After Debate, CBS's Hannah Storm Focuses On Hit Piece Against Mrs. Giuliani
Republicans held a debate on Sunday, but CBS’s Hannah Storm seemed more interested in Rudy Giuliani’s personal life and then Mitt Romney’s crankiness. On the August 6 edition of "The Early Show," at 7:19 AM, Storm kicked off the segment noting there was a Republican debate the previous day but, "they did not talk about an issue hanging over front-runner Rudy Giuliani and that is his wife, Judith, who has become a controversial topic in his campaign."
Storm cited a hit piece from the left wing "Vanity Fair" claiming "she’s portrayed as someone who pursued a married man, she has lavish spending habits, demands an extra seat on the campaign plane for her Louis Vuitton handbag, apparently has a hit list of campaign aides that she once fired."
Though Giuliani may not be the ideal candidate for conservatives, it is notable that a left leaning publication’s hit piece on a Republican finds its way to the network news. If a right leaning publication were to write a similar piece on any Democrat, would the CBS morning producers jump on it?
When Storm finally did move on to the debate, much of the focus was on some "sharp responses" Romney made regarding his shifting stance on abortion and his Mormon faith. Although Hannah Storm offered a negative tone on Romney’s prospects, guest Jim Vandehei noted the Republican candidate is "doing very well in Iowa, in New Hampshire in those early states and he's doing well because of conservative support."
The entire transcript is below.
HANNAH STORM: Welcome back to the CBS "Early Show." I'm Hannah Storm. The Republican presidential candidates met in Des Moines, Iowa on Sunday and Iraq, abortion and the War on Terror dominated their latest debate. They did not talk about an issue hanging over front-runner Rudy Giuliani and that is his wife, Judith, who has become a controversial topic in his campaign. Jim Vandehei, is executive editor of Politico.com a CBS News partner covering Campaign 2008. Good morning, Jim.
JIM VANDEHEI: Good morning.
STORM: Well, Judith Giuliani has come under all sorts of scrutiny, there's this new "Vanity Fair" piece, there was a front page article on the "New York Times" on Sunday, she's portrayed as someone who pursued a married man, she has lavish spending habits, demands an extra seat on the campaign plane for her Louis Vuitton handbag, apparently has a hit list of campaign aides that she once fired. None of this is flattering. How much is it actually hurting Rudy Giuliani?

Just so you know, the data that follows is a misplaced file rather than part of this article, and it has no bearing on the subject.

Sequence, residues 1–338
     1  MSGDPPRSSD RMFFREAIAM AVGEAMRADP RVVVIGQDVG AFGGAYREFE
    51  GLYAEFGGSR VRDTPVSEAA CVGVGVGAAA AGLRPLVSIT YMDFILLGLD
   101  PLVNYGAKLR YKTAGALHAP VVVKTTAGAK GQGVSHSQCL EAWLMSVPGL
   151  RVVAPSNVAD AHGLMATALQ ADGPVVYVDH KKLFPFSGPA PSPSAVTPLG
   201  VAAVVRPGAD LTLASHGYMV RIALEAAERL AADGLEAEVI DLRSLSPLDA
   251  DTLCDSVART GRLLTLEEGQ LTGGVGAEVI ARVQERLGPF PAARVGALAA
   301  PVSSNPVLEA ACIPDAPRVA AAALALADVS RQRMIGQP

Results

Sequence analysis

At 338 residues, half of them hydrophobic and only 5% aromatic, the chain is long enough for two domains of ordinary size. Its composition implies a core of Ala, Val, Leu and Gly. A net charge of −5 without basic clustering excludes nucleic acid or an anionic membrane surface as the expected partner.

VANDEHEI: Well, being twice divorced and being best known for breaking up one of the candidate's marriages is not the ideal profile for a political wife in a Republican campaign. Here's why. Conservatives still consider themselves the party of family values. And one of the big knocks on Giuliani is that he's not your typical family values kind of guy. He himself has been married a couple of times, reportedly has strained relations with his family and does not-- and supports a woman's right to choose. And so, you know, the danger for Giuliani is that his wife amplifies the negative for him.
STORM: Let's move on to someone who touts himself as a champion of family values and that's Mitt Romney, and what happened in this GOP debate yesterday. Because he had a very sharp exchange with Senator Sam Brownback over Romney's shifting stance on abortion. Here was Romney's response.
FORMER MASSACHUSETTS GOVERNOR MITT ROMNEY: I changed my position. When I was governor and when I faced an issue of life or death, when the first time a bill came to my desk, that related to the life of an unborn child I came down to the side of life and I put that in the "Boston Globe" and explained why. And I get tired of people that are holier than thou because they've been pro life longer than I have.
STORM: Now does the fact that Romney has gone from pro-choice to pro-life just in the last couple years, does that hurt his campaign?
VANDEHEI: It could hurt him if he does not handle it adeptly. Remember, conservatives are very much -- the litmus test for them is abortion, and they're really skeptical--some are very skeptical about Romney and whether he's authentically with them on abortion and gay marriage and other issues. So far he has handled it right and conservatives seem to be flocking to him. He's doing very well in Iowa, in New Hampshire in those early states and he's doing well because of conservative support.
STORM: Let's talk a little bit about how Romney has handled continuing questions about his Mormon religion. There was a bit of controversy over that over the weekend, correct?
VANDEHEI: There was. He did this radio show in Iowa and there was questions about, you know, his Mormon faith and how is that compatible with Christian theology and he got a little bit agitated and off camera there was a clip caught where he's really sort of cutting and talking about how tired he is of having to defend the Mormon faith. So far he's done a good job and I think he's done a good job by portraying himself as being a man of faith. And that's what conservatives want to hear. If it becomes an argument about what Mormonism is about that could hurt him, especially with Christian voters.